From:   Snafu <snafu@thething.it>
Sent time:   Sunday, October 16, 2011 8:20:48 PM
To:   september17@googlegroups.com
Subject:   Re: [september17discuss] MoveOn Execs Now Official Spokespeople For OWS, According to MSM Execs
 

You are right Doug, and I thank you for this observation. It was not my

intention inserting any reference to the obsolescence of past struggle

in the declaration. I was just noting that most statements produced and

approved by the GA so far are focusing on either corporate power or

(now) the two-party system, whereas none of the two are to me the

hegemonic forces in contemporary capitalism.

 

  Financial capitalism is a tough beast to fight because it is at the

same time abstract and diffused at a molecular level. Yet if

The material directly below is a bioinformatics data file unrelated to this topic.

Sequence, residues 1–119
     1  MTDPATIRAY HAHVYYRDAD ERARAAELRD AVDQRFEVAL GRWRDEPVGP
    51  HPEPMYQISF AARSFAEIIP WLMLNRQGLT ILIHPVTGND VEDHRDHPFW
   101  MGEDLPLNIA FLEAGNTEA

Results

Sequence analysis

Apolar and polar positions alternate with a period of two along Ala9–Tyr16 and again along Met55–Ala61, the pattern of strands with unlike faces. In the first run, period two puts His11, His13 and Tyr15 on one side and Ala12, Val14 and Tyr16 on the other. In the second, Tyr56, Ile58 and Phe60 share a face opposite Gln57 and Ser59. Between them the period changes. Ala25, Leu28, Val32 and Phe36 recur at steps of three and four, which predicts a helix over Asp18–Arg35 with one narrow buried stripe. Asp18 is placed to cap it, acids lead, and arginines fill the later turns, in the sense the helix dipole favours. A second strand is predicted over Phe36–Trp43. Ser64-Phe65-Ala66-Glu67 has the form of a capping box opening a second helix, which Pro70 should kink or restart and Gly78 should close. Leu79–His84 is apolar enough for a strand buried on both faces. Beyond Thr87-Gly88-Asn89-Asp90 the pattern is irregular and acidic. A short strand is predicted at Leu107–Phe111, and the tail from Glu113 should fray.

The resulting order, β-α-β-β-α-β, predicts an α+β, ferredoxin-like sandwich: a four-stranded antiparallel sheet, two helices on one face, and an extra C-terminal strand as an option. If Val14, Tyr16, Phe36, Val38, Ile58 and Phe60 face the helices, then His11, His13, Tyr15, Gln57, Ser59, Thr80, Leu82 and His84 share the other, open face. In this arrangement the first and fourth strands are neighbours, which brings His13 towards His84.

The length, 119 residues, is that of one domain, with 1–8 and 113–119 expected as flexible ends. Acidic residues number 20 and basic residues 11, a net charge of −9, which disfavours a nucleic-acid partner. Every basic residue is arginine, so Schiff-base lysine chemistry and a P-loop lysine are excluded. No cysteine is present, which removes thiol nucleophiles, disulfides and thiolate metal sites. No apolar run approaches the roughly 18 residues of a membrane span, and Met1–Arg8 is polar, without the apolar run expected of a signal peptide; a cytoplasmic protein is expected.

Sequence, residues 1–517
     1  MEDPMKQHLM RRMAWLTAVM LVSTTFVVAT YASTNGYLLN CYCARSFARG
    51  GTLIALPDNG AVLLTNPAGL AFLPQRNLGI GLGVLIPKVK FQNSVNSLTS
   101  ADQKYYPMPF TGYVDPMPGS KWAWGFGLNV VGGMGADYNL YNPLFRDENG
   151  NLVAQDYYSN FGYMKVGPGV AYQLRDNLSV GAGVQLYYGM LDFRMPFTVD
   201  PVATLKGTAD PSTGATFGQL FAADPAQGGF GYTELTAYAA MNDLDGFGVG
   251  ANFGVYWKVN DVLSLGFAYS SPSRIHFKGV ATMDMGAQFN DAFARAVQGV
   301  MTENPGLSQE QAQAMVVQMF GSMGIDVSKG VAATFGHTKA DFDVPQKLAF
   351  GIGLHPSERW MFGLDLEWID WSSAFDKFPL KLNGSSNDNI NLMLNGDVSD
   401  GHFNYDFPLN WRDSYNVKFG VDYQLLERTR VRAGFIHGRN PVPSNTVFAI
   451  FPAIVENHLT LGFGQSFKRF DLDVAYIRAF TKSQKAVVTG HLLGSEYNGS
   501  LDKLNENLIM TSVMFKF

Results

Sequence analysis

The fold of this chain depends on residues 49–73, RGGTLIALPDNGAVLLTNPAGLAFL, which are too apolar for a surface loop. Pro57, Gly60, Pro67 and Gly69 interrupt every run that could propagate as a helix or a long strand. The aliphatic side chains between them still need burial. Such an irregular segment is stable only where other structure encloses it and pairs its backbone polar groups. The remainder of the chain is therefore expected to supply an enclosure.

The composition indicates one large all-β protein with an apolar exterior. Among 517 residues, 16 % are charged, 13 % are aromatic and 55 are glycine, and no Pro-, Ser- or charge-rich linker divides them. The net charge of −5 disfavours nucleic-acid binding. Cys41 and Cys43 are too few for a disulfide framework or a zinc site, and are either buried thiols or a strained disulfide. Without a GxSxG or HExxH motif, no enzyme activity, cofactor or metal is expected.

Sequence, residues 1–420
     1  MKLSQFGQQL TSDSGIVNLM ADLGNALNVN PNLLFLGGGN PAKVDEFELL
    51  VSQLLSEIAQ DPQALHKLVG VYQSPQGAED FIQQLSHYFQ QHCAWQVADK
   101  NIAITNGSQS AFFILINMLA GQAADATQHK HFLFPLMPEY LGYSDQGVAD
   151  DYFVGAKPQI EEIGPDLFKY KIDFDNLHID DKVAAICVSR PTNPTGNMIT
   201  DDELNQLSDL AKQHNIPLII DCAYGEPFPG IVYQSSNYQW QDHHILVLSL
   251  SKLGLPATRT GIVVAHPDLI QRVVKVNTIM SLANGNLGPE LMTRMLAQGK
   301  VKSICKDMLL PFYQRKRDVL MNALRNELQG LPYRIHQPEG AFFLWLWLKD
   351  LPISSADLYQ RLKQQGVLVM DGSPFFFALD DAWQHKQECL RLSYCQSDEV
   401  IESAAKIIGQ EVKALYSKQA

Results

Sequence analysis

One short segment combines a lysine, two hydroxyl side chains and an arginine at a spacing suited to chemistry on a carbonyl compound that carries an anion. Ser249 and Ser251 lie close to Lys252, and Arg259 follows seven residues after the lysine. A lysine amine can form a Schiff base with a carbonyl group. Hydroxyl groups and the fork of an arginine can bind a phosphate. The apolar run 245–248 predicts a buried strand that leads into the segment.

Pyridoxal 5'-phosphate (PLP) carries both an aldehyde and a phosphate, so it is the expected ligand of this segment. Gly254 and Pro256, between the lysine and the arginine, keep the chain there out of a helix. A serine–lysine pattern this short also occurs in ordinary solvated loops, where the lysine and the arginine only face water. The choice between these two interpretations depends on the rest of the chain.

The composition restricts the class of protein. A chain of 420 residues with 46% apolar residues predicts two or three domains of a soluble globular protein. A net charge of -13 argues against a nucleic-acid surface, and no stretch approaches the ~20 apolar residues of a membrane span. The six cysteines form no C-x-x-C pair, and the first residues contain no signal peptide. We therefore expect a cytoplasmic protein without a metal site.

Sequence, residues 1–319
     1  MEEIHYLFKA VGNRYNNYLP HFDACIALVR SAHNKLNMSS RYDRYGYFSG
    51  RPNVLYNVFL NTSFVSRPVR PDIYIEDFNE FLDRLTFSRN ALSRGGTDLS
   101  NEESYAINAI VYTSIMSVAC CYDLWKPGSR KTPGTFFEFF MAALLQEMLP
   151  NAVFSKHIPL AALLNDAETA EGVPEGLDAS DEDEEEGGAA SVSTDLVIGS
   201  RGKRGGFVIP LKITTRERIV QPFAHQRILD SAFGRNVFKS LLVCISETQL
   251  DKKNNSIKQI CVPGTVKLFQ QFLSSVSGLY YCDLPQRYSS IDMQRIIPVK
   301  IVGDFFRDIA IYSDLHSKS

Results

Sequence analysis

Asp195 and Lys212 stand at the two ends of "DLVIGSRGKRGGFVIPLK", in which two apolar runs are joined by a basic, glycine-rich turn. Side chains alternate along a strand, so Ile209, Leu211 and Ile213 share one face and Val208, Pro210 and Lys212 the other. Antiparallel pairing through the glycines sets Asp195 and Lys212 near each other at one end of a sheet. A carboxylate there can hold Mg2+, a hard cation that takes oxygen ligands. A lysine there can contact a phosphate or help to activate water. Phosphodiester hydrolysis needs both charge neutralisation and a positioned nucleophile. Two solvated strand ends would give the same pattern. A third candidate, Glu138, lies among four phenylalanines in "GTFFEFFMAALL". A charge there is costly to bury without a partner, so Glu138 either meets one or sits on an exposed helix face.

Standard&Poor's downgrading of the US debt has such massive effects, it

means that we have entered a new phase, one in which the power of rating

agencies stands above that of national governments. Hence my hesitation

on supporting statements that keep focusing on the traditional enemies

and seem to be oblivious to the new forms of sovereignty that are

emerging. The more you claim that the state is useless and powerless the

more you will have to confront financial power directly. But who will

regulate the stock market as the system keeps melting, the GA?

 

On 10/16/11 7:08 PM, Doug Singsen wrote:

> It's not true that market volatility is mainly the result of the

> automation of financial transactions. Markets were highly volatile

> long before automation. The biggest financial collapse in history took

> place before the invention of the microchip. Rather, market volatility

> is an inherent part of capitalism. We also need to beware of

> declarations that all previous resistance is obsolete and that we need

> to invent new tools from scratch. The lessons of past struggles are

> still very much relevant today, and ignoring them is a quick recipe

> for repeating their errors today.

 

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